How trying to make pocket calculators do complex maths accidentally invented modern computing

What happens when you set out to build a pocket calculator? Well in this case it turns out you also accidentally invent desktop computers, and spawn a bunch of CPUs that are still being used today.

Follow along as we go through the thoroughly bizarre story of how trying to do complex maths and fit it in our pockets lead directly to the machine you’re using right now to watch this video, which you should totally wach, now. Go on, click it.

Calculators were originally like computers – huge boxes that required care and maintenance and sat firmly on a desk plugged into the wall. Today everyone wants to own a smartphone, back then everyone wanted a pocket calculator.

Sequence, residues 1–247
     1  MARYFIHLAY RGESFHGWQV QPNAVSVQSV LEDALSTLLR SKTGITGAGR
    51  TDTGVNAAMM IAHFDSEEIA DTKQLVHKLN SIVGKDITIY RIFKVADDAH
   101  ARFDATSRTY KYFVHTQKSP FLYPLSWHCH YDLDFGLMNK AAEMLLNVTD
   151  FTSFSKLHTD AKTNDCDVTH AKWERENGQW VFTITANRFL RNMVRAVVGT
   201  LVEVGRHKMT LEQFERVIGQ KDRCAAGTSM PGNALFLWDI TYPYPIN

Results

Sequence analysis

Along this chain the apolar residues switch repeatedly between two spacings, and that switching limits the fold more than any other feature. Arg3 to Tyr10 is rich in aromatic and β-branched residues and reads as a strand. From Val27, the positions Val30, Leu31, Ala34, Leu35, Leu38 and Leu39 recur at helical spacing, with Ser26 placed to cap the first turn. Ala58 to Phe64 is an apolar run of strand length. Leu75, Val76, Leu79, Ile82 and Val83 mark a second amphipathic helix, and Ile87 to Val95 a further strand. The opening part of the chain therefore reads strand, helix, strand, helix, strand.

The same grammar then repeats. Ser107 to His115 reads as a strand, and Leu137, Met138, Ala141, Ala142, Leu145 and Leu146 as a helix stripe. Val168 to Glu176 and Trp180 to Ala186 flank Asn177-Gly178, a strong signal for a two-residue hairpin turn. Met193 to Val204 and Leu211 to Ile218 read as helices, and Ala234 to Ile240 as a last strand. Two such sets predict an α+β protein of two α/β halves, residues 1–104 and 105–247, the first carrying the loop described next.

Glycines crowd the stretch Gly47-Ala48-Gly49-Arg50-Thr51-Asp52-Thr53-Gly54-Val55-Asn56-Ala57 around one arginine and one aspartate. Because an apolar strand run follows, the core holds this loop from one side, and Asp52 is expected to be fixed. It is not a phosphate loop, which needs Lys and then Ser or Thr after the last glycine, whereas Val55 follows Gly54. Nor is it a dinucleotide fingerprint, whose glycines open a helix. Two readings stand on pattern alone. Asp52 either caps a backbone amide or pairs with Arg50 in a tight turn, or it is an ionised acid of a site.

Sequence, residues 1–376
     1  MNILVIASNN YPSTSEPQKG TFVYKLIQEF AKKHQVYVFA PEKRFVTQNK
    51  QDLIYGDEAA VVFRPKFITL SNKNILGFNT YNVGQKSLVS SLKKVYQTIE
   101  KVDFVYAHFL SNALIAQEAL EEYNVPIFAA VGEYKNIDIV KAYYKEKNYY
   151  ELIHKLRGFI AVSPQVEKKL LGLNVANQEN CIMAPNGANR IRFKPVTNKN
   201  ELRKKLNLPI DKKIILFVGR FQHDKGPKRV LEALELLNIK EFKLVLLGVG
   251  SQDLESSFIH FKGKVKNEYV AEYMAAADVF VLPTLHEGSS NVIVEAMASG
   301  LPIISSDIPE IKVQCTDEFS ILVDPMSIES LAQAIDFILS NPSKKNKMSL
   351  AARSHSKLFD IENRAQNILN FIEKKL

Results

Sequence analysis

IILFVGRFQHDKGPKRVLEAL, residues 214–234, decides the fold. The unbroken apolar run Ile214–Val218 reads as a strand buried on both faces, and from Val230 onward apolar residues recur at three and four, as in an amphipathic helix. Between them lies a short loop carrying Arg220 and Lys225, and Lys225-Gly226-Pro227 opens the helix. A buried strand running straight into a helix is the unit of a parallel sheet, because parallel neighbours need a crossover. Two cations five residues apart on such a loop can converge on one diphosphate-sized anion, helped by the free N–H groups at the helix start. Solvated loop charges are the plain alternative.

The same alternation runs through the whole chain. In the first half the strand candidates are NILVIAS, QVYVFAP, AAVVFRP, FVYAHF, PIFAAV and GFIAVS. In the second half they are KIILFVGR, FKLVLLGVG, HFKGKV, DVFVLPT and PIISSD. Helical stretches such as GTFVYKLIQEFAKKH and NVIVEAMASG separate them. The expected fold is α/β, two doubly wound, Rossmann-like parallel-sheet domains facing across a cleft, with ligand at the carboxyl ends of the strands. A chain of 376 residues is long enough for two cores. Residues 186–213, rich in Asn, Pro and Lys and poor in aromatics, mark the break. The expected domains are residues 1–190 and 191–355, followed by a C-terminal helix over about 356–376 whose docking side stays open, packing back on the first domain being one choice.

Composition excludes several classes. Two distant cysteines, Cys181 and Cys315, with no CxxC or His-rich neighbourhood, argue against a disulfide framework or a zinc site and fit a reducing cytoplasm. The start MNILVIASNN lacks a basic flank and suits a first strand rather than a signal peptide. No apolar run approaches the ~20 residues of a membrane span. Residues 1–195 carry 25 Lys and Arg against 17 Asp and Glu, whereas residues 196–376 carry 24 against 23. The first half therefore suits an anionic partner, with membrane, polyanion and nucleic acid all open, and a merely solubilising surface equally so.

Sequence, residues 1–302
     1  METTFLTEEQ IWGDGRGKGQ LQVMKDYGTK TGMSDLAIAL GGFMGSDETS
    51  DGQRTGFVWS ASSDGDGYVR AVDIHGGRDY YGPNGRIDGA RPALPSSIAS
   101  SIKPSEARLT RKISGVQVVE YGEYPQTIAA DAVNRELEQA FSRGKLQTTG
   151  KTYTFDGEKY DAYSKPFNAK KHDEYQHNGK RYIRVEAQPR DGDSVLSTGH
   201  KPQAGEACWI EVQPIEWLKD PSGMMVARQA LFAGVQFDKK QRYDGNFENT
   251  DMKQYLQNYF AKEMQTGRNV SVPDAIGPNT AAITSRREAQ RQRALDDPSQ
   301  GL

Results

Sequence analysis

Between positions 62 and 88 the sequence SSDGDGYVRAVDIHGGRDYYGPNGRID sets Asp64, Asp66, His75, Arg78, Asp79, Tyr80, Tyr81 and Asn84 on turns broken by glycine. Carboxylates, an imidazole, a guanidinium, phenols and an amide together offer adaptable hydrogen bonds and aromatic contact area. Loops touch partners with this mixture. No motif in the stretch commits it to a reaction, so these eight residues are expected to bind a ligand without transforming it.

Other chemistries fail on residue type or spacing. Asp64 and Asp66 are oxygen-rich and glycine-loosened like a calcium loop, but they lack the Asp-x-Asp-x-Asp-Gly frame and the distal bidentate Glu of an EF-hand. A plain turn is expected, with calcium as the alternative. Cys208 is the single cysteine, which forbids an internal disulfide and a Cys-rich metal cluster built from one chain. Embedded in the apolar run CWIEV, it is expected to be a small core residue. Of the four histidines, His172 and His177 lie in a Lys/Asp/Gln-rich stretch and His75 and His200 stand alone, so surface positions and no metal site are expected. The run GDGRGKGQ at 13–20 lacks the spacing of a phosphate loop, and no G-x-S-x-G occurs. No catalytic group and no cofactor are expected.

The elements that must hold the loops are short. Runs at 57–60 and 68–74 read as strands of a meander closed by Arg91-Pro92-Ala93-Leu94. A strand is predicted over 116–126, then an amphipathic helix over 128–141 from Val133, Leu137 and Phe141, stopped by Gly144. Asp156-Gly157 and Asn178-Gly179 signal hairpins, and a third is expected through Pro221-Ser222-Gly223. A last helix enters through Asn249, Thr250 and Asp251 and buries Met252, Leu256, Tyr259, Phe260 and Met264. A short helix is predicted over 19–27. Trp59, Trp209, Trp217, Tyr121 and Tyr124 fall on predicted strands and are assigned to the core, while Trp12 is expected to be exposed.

The story of trying to cram a whole shoebox of electronics into a pocket involves dodgy corporate dealings, people starting their own companies and deciding that while calculators were nice, being able to program them would be even better.

Part of the difficulty of building a calculator is working out how to understand the maths the operators were entering. A basic four function calculator can be thought of as a simple state machine, but once we get to doing scientific functions or longer multi stage formulae. And this is where a technique known as Reverse Polish Notation comes in.

Back then computers were too low powered to cope with parsing text and checking for dumb human things like missing brackets or maths that made no sense. So we had to do that for them.

The history of how the modern computer came to be is pretty interesting. There’s a fascinating explanation on this website, which was then turned into an equally fascinating book that you should go and read. Here’s a link to the Google Books version, but the real thing is better to read.